Like always, she influenced me to make an effort, and ensure we captured these rare moments with a helluva lot of photos.
Exploring the Island of the Winds first – without taking photos – meant we could properly learn the secret and not-so-secret corners of Mykonos before we returned to attack with our cams.
Along the way we also picked up immeasurable tips, like:
Don’t wear heels. Cobblestone streets and Greece’s triple portions of alcohol are a Dionysian error.
Get your tan but definitely try to avoid heatstroke because your m8 might have to give you an ice bath and supervise you when you’re about to faint on the toilet
And for your pictures…
Go early! It’s simply the only way to achieve the calm, crowd-free aesthetic you’ve seen all over Instagram. If you’re lucky you might come across a few leftover revellers who offer you gyros and ask you to snap pics of them.
Little Venice’s alleyways
Ninnolo Ice Cream Shop
Kato Milli Windmills
Kick it at home
Little Venice waterfront
Petros the Pelican (wherever he is)
Agios Sostis Beach / Kiki’s Tavern
Follow the smell of Gyros
The cliffs of Northeast Mykonos
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Ethereal deer-filled forests, hillsides peppered with historical castles, Harry Potter movie locations and grass that’s green on every side. Scotland is a dronie’s paradise.
A location that’s surely already on your list, Eilean Donan is the classic Scottish castle site. Arrive before 8am and have the place to yourself. If it’s a clear day? (Goooood luck finding one of those, mate.) Get there for sunrise.
If you’ve ever dreamed of running away from home and heading for Hogwarts, you’ll know this fantastical destination. Arrive before 10.30am to capture footage of the magnificent Jacobite train coasting past the loch and through the highlands.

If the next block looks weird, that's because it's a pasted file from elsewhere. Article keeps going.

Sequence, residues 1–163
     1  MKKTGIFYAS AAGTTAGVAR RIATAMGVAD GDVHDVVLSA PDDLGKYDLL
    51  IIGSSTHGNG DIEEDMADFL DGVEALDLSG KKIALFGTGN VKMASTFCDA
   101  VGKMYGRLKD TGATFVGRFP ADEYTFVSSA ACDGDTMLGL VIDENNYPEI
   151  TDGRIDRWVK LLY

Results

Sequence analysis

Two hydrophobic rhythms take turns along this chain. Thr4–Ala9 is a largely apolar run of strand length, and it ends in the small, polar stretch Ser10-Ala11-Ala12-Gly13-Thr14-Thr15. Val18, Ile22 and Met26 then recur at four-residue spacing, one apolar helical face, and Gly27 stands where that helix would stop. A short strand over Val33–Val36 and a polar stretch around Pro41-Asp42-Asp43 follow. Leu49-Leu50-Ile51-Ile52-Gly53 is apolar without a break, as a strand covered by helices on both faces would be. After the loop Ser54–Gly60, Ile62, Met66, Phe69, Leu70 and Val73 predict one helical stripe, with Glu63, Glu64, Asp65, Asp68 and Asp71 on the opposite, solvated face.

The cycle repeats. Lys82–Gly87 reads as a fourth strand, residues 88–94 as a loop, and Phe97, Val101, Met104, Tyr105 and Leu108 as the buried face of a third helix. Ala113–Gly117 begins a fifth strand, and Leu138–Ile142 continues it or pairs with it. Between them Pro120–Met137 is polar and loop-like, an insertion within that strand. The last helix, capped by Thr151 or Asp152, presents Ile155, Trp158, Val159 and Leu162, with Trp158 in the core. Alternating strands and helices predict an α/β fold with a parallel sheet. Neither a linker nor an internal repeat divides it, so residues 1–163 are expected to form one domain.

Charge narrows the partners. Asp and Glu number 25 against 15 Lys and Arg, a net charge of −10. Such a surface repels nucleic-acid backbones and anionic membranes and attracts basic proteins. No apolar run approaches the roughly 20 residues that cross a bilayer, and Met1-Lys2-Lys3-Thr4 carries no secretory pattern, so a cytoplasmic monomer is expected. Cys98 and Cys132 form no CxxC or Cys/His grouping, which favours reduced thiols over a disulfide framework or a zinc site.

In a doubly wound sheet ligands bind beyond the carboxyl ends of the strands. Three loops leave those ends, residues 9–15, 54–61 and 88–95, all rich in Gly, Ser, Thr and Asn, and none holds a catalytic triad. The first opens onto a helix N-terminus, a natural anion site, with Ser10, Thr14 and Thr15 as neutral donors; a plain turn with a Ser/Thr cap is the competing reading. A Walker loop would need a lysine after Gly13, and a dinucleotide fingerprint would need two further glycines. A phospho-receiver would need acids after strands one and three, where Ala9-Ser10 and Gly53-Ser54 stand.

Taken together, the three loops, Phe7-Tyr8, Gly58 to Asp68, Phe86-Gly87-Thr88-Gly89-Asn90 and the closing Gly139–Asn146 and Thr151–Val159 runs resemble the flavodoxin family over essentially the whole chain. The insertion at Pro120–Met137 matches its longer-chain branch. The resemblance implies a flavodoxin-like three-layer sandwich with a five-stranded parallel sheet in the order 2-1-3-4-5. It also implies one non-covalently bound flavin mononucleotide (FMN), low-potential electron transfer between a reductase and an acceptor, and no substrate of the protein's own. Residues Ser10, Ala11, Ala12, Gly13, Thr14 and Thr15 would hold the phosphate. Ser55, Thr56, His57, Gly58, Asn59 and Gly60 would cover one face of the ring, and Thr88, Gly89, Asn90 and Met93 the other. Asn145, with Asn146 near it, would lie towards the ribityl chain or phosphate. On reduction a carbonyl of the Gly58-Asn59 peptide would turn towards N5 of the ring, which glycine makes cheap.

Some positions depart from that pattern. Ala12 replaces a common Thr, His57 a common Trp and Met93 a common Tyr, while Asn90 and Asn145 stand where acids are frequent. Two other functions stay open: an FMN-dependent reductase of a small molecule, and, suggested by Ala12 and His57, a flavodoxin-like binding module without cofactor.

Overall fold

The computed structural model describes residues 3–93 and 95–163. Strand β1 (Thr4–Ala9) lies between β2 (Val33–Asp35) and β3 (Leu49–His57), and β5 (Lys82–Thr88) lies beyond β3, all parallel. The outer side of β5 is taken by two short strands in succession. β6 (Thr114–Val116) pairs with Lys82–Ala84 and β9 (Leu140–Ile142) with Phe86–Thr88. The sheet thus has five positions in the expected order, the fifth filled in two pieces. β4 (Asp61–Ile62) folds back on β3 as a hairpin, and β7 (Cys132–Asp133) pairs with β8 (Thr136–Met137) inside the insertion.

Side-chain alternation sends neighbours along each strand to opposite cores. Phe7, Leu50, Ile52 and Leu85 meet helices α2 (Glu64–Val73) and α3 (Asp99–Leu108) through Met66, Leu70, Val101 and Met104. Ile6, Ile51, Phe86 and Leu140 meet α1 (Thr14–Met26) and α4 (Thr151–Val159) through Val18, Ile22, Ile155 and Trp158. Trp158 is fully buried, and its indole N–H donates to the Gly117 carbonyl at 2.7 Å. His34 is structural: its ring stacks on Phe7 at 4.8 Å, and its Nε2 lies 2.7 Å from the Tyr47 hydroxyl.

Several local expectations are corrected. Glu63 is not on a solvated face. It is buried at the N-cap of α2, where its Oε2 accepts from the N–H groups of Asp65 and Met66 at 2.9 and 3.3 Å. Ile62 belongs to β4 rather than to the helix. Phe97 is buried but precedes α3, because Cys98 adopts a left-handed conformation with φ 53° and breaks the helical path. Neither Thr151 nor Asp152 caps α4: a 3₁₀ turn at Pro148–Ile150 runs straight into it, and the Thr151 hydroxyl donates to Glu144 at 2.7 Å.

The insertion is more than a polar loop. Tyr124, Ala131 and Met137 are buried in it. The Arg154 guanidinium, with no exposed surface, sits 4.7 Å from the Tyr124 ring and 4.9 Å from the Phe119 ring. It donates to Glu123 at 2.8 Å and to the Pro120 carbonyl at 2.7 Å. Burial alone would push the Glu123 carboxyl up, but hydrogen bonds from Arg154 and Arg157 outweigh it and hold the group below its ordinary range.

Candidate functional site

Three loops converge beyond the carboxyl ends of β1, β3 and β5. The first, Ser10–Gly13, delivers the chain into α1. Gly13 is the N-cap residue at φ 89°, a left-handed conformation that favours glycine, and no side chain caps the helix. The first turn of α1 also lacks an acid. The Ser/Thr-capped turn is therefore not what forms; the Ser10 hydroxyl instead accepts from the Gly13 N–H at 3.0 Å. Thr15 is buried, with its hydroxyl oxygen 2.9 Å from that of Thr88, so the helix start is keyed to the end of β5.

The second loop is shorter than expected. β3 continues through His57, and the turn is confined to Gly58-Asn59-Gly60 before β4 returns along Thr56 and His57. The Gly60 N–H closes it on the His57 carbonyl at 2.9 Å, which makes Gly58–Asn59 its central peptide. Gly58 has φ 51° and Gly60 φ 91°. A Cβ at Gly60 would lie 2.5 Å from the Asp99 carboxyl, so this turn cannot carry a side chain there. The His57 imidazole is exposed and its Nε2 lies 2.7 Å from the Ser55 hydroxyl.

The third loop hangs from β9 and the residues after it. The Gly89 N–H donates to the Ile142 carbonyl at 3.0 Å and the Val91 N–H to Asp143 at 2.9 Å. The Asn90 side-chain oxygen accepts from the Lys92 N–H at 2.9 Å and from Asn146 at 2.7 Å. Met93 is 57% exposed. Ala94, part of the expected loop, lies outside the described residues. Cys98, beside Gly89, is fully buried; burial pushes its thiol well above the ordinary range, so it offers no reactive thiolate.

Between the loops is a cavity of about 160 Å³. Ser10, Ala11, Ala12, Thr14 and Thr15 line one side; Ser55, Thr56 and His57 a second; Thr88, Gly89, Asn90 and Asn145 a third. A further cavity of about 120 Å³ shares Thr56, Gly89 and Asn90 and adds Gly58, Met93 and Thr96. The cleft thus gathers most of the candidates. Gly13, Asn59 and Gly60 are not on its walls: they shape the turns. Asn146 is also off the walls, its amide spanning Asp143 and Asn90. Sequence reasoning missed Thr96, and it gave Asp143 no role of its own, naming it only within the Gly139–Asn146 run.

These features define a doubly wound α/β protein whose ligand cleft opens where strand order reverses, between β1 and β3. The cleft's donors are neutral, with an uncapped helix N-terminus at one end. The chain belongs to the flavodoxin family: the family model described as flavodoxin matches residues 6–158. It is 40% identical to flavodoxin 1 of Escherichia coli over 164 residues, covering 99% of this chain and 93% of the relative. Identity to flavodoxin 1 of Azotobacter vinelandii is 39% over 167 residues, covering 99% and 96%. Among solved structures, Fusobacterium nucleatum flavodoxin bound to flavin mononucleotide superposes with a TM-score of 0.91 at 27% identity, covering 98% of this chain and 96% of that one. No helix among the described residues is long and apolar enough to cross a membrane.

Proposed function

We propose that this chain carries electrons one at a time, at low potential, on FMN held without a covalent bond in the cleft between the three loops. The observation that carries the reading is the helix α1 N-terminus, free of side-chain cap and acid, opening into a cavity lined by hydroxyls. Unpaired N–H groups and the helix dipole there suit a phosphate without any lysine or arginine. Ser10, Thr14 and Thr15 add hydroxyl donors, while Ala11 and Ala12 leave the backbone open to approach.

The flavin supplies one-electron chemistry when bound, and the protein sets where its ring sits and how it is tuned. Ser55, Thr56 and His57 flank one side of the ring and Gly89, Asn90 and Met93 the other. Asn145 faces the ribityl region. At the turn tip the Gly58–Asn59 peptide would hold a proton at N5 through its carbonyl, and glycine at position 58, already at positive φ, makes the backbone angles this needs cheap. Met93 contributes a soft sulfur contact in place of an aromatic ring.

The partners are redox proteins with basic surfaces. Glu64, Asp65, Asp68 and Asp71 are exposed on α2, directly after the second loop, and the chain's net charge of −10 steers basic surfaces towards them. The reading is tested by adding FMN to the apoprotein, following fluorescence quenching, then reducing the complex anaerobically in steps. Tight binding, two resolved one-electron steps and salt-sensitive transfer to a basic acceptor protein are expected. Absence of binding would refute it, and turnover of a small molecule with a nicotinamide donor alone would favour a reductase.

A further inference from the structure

Fondly regarded as ‘The Jewel of the Highlands’, wee little Plockton does not disappoint. The coastal town is resplendent with its lush forests, sapphire blue waters and hidden historic ruins.
Home to the tallest mountain in the UK, the glen is where you’ll get the most classically Scottish nature shots. Waterfalls, rivers and munros abound in this quietly energetic valley.
Loch Loyne Wind Farm
Pull over, stretch your legs at this picturesque spot, and send your gadget to the skies. Capturing dozens of wind turbines moving in harmony is an unexpected treat.
94% of Scotland is considered rural. So get a good car!
While your drone might go far on its own, you may not. Soz. So find yourself a sweet ride. Whether you’re after a practical 4WD or perhaps a spiffy sedan is more your style, Avis will hook you up.
I got my Mercedes from these guys and I could not have been happier. On my highland travels I covered about 900 miles (unfortunately not 500 miles, Proclaimers style) and during the long journey, comfort and practicality were a priority.
Thankfully, my Avis beast was perfect for that. The car had an intuitive interface for GPS and music, a roomy boot for all my equipment and the sleekest reclining seats. Even the window wipers automatically flung into gear when it detected a drizzle. When you get to the beautifully damp Scotland you’ll understand just how wondrous a feature this really is…
…Scotland is by no means a dry country, so:
When there’s a break in the rainfall, it’s go time. Take to the skies STAT.
Be wary of drone rules at each site.
Sites like Eilean and Glenfinnian only allow flights outside of standard business hours and with the property owner’s permission. So just be alert and respectful, and you’ll be more than fine.
To thank you for making it this far through my dribble, I’ve included a spicy treat, right at the end. Y’know, like in the closing credits of a Marvel film.
The superheroes at Avis are gearing up for their End of Season sale. If you book in before 29th September 2017 you can save 25% on the cost of your rental ride. Just ensure your pick-up is before 14th December 2017 to claim this offer.
So get your butt into gear and ready yourself for the road trip of a lifetime. Book here!